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‘Wrap up warm… it’s cold outside!’

12:00am | & Health

How often have we heard that phrase during Britain’s cold and sometimes freezing winter weather? It sounds like good common sense, and it is, but it’s worth a reminder of why it’s so important to keep warm, not just outdoors but indoors too.

Cold weather can do much more than just make you shiver; it brings significant health risks, particularly in later life or if you have an underlying health condition such as heart or breathing problems. As well as making you more vulnerable to common infections like coughs and colds, prolonged exposure to the cold can increase the risk of a heart attack or stroke.

And remember, if you’re eligible for a free flu jab you should make sure you have it every year. Although it might make you feel a little achy for a couple of days as your body responds to the vaccine, that’s far better than catching flu, which can be fatal. Anyone over 65 or with certain underlying health issues is eligible for a free flu jab on the NHS – if you haven’t had yours it’s not too late – contact your GP.

But aside from medicines, there’s a lot you can do yourself to make sure you keep warm and well through the winter, beginning with what you wear. Prevention is always better than cure, and dressing for warmth is a great way to prevent winter ailments.

It’s all too easy for your body’s core temperature to drop without you really noticing, particularly if mobility problems mean you’re not as active as you used to be. Most people know that exposure to extreme cold, even for a short period, can lead to hypothermia, but so can prolonged exposure to an environment that is only moderately cold.

The key to dressing for warmth is layers. Lots of thin layers of clothing are far better than one or two bulky ones. This is because warm air is trapped between the layers of clothing, acting as insulation. More layers keep the warmth in and the cold out.

Clothes made from wool or fleecy synthetic fibres such as polyester are a better choice for retaining heat than cotton. A ‘base layer’ of thermal underwear or thick warm tights is a good place to start, and there’s no reason why men shouldn’t wear tights under their trousers – it’s one of the best kept secrets of men who work outdoors in all weathers!

It’s also important to keep your extremities – your hands and feet – warm, to ensure good circulation. Warm slippers and good thick socks help, and again, two pairs of socks layered is better than one. A pair of gloves will keep your hands warm, and there’s no reason why you shouldn’t wear them indoors if it makes you feel better.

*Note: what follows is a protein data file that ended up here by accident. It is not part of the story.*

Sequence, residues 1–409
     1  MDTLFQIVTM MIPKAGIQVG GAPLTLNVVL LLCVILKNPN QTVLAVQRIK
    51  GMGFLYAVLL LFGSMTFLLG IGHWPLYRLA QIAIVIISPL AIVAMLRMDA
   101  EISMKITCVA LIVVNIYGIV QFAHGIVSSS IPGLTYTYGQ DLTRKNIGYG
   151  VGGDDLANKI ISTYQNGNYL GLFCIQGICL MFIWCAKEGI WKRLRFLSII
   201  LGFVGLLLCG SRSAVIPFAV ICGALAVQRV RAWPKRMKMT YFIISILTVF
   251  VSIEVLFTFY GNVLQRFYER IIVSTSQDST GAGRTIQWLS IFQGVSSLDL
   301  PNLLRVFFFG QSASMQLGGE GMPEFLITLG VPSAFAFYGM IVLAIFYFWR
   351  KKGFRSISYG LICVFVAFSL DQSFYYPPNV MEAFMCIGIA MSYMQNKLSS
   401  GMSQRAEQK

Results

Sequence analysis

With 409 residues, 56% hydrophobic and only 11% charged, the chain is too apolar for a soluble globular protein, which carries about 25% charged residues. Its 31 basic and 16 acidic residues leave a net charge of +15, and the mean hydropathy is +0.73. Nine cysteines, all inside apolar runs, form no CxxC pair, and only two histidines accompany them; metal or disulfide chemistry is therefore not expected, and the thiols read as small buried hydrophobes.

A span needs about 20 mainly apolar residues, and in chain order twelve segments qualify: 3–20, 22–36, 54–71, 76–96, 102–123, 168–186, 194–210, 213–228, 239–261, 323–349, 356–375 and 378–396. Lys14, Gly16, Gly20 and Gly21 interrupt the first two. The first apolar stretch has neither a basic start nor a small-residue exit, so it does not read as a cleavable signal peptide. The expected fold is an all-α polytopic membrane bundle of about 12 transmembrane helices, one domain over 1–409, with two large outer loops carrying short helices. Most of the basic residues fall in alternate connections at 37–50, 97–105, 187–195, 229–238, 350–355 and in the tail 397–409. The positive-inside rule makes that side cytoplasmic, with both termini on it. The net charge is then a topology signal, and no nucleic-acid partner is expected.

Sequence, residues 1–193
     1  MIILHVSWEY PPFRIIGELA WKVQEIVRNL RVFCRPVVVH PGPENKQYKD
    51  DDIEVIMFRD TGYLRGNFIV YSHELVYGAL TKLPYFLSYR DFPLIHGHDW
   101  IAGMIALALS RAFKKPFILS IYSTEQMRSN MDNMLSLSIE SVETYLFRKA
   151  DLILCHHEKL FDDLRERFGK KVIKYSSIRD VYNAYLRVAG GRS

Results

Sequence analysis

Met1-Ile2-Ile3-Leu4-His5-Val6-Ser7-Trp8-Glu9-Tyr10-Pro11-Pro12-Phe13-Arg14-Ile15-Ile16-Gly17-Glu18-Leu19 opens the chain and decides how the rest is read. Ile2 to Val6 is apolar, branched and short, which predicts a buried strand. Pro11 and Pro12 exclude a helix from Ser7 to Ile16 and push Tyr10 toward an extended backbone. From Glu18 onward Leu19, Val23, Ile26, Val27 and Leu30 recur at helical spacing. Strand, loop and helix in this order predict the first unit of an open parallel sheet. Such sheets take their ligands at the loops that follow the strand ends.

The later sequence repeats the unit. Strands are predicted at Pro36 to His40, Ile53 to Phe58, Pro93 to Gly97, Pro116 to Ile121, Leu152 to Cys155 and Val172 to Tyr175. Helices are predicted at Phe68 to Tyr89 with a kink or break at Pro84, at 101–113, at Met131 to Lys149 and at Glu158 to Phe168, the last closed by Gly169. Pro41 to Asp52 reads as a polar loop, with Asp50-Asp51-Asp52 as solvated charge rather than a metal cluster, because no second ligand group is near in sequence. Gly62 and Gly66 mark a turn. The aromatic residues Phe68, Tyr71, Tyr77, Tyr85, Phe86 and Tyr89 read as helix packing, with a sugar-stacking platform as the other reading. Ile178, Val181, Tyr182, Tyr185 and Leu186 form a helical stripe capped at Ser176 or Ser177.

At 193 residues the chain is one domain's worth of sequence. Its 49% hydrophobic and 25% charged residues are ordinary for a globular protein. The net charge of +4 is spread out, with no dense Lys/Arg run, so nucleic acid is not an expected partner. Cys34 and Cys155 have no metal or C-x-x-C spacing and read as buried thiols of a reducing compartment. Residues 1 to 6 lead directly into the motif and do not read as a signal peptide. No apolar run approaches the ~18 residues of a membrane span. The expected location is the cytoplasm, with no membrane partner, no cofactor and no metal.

If you can, try and get up and move around at regular intervals to get the blood pumping around your body and keep you warm, just like hot water flowing round a central heating system. If mobility problems restrict your activity, it’s even more important to keep warm. A shawl or blanket around your shoulders will provide a lot of warmth. Raising your feet up off the floor will also help keep them warm, as the air is colder at ground level.

And don’t forget a hat! A lot of heat escapes through your scalp and there’s no reason you can’t wear a hat indoors. The Victorians did it all the time and, in the days before central heating, they knew a thing or two about how to keep warm!

Staying warm through the night is just as important as in the daytime. Make sure your bed has enough bedclothes on and use a hot water bottle or electric blanket, but not both together as water and electricity don’t mix. If you use an electric blanket you should have it checked at least every three years, and also check whether it’s the type that can be left on all night or should only be used to warm the bed before you get in. One thing to note; if you suffer at all from incontinence, speak to your doctor before using an electric blanket.

And remember to get dressed for bed. Once again, we can learn from our ancestors who often went to bed adorned in bedsocks, a nightcap and even gloves. You might feel silly but who cares? Better to be warm.

If you need to venture outdoors try to plan ahead. Keep an eye on the weather forecast so you won’t need to go out during a particularly cold snap or when it’s icy underfoot. When you have to go out, put on your warmest clothes and try to make sure the top layer is waterproof and windproof. Once you get wet and chilled by a penetrating wind, it’s hard to get warm again. Also, it’s a good idea to wrap a scarf around your mouth and nose, as this will help to warm the air before you breathe it in.

Choose boots or shoes with good non-slip soles and even if you don’t usually use a walking stick or pole, it can give added security and support in cold weather. Don’t be too proud to ask for help – you’ll probably be surprised to find there’s no shortage of friends and good neighbours more than happy to nip to the shops for you when it’s cold outside. And if you’re one of those friends or neighbours, don’t wait to be asked. Why not pop round or phone to make the offer now?

Finally, if you think you’re starting with a cough or cold, it’s better to speak to a pharmacist as soon as possible, before it develops into something more serious. Pharmacists are highly trained medical professionals who will be able to provide a wide variety of over-the-counter medicines, or refer you to a doctor if they think it’s necessary.

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